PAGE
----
Airwar over Denmark

Airwar over Denmark

 By Søren C. Flensted


1939-1940 Updated 12/2-23
1941 Updated 28/4-22
1942 Updated 21/2-23
1943 Updated 6/3-23
1944 Updated 6/3-23
1945 Updated 4/12-22

1940 New - Updated 22/1-23
1941 New 23/7-21
1942 Updated 16/3-23
1943 Updated 28/1-23
1944 Updated 4/10-22
1945 Updated 16/8-21

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B 17G 42-37807 ditched in the North Sea 19/5-1944.

The aircraft belonged to USAAF, 8 Air Force, 100 Bomb Group, 350 Bomb Squadron and was coded LN-O.
T/O Thorpe Abbotts. OP: Berlin

On the return flight from Berlin 42-37807 which was named “Rogers Raiders” was attacked by German fighters and lost three engines.

At 16:25 Pilot 2.Lt Julian P. Rogers ditched the aircraft in the north Sea on position 54`48 N 07`30E. The tail broke off but all managed to get into the dinghy’s.

                              (Via Finn Buch)


30 hours later a British Hudson aircraft dropped a life boat to the Americans.
Pilot 2.Lt Julian P. Rogers, Co-Pilot 2.Lt Robert B. Lawler, Navigator 2.Lt Frederick A. Mead Jr, Bombardier 2.Lt Bertram C. Lieberman, Top Turret Gunner S/Sgt Dickie Kendall, Radio Operator S/Sgt Thomas S. Guralski, Ball Turret Gunner Sgt Russel E. Gately Jr, Waist Gunner Sgt Carroll W. Brooks, Waist Gunner Sgt Clarence F. Cherry and Tail Gunner Sgt Alfonse R. Fiore transferred to the lifeboat and sailed on a westerly course.

Around seven o’clock the next morning (21/5) three Danish fishing vessels were spotted. The lifeboat sailed to them and the Americans were given warm food and drink and a bunk to sleep in. One of the fishing vessels then set course for England with the Americans. After a while the were met by a Air-Sea Rescue Launch which sailed the flyers the last 150 miles back to Yarnmouth, England.


            (Via Jim Kendall)

The crew after having returned from the ditching


            (Via Jim Kendall)


            (Via Jim Kendall)


DICKIE L. KENDALL`s recollection of the ditching:
Can you tell me about being shot down?
-  On our 10th mission we were shot down after raiding Berlin and had to ditch in the North Sea.

- Two engines were knocked out by enemy fire and a third later went out.  We flew on only one engine, barely staying airborne, until we reached the coastline.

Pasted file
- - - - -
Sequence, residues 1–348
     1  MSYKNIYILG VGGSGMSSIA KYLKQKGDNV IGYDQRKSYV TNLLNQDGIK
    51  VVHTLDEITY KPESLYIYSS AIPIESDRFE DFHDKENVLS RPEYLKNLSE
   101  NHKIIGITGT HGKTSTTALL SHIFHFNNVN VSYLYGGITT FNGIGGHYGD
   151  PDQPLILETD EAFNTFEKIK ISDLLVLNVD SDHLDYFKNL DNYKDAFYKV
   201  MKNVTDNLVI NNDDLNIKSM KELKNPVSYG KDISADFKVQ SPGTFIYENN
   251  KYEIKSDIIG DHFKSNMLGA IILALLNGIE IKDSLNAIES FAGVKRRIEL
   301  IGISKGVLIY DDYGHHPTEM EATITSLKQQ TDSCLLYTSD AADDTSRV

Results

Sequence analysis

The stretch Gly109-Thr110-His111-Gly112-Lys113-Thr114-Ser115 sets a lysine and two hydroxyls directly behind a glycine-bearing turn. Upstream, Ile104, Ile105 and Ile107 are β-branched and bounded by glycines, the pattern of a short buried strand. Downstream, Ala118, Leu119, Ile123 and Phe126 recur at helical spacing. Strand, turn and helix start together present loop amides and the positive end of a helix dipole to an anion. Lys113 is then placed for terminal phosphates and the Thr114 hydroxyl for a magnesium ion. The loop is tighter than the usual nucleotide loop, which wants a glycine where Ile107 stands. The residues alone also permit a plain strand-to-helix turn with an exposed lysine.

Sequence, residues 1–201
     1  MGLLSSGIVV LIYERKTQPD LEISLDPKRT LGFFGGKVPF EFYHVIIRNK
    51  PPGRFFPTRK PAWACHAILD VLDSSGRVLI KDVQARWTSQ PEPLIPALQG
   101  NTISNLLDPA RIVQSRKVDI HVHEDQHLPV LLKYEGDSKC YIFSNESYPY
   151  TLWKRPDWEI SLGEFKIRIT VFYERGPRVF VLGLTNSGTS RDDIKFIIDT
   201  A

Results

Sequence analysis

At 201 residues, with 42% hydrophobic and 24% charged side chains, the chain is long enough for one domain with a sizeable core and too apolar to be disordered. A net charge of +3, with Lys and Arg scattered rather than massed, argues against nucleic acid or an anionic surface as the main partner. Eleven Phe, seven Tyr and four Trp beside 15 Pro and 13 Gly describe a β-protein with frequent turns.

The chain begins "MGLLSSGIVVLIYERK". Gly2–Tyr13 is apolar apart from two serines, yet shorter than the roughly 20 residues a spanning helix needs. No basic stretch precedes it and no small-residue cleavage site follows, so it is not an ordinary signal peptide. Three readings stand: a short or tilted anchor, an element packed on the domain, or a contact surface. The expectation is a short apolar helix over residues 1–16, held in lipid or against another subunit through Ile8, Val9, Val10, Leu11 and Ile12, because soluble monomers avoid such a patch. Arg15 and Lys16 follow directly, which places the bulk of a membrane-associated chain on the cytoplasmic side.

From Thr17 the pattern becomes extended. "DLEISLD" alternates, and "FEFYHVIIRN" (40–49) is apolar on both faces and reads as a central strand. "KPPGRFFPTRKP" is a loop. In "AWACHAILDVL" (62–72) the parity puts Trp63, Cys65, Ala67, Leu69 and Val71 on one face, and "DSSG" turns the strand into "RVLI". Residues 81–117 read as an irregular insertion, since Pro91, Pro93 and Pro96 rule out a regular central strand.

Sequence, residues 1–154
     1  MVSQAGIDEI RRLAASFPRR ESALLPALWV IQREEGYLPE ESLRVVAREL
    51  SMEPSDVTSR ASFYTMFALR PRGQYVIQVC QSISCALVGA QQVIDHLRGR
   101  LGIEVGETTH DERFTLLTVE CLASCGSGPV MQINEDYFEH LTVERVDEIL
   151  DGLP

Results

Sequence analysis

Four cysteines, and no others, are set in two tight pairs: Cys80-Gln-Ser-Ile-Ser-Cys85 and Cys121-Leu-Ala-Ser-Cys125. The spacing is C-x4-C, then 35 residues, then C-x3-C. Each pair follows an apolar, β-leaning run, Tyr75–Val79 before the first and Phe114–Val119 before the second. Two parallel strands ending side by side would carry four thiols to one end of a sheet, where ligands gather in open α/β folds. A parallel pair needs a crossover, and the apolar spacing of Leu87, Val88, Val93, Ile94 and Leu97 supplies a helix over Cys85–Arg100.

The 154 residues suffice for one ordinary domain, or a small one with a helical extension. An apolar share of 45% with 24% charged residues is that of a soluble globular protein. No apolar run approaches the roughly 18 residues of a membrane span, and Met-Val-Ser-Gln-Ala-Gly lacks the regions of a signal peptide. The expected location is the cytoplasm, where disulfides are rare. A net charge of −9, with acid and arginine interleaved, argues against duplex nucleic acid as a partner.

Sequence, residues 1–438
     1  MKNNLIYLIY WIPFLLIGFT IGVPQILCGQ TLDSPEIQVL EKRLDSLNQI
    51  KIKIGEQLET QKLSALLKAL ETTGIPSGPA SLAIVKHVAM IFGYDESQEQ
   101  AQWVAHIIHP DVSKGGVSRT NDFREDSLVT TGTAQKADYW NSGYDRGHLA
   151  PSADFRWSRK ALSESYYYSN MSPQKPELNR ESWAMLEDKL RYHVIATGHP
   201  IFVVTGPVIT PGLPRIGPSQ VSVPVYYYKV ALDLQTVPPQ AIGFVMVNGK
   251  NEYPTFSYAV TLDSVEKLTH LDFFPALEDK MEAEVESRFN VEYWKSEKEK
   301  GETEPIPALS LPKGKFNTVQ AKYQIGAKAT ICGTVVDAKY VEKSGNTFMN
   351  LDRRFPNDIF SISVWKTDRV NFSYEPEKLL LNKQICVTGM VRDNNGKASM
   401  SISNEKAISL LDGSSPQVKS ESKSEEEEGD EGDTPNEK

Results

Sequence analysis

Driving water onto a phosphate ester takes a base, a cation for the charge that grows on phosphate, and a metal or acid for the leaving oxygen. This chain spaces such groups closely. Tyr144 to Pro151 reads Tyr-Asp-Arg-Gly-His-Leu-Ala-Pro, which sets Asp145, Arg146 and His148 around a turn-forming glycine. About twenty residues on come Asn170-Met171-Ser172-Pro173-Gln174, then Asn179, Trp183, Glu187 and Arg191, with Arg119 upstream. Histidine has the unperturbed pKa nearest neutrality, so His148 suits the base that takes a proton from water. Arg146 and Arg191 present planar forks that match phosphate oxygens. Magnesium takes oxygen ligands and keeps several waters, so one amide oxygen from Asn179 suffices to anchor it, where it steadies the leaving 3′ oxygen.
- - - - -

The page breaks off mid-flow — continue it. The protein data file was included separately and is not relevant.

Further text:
- The crew was ordered to assume crash positions in the tail of the aircraft.  Our tail gunner was injured during the landing but we all managed to get into a small rubber raft.

- A plane from the British Air/Sea Rescue Service attempted to drop a larger raft to us but it got dark and they had to abort.  We waited all night thinking we might drift to the enemy shore.

- The next morning a Danish fishing boat spotted us and we were taken aboard.  Her hull was of a double-walled design with enough space for a person to stand.  Via a hidden doorway, we entered this area and stood there for about a day.

- The Danish radioed the British and the next day a Coastal Command lifeboat carrier dropped a motor-powered boat to us.  I had some experience with marine craft and was able to get the motors running.

- We set course for home taking turns steering the boat but ran into rough seas and had to bail all night.

- Finally we were picked up by a British launch.  Three Thunderbolts appeared and strafed our lifeboat to sink it, then circled overhead until we reached Scotland.

- Our tail gunner was sent home as a result of his injuries.

-  Stars and Stripes newspaper ran an article about the rescue but, for security reasons, did not mention the Danish fishing boat.

-  We named our next flying fort “Fools Rush In.”  We completed our remaining missions in the aircraft.
Via Jim Kendall



            (Via Jim Kendall)


Note: It has not yet been possibly to name the Fishing vessel which sailed the flyers toward England.


Sources: UA, FB.



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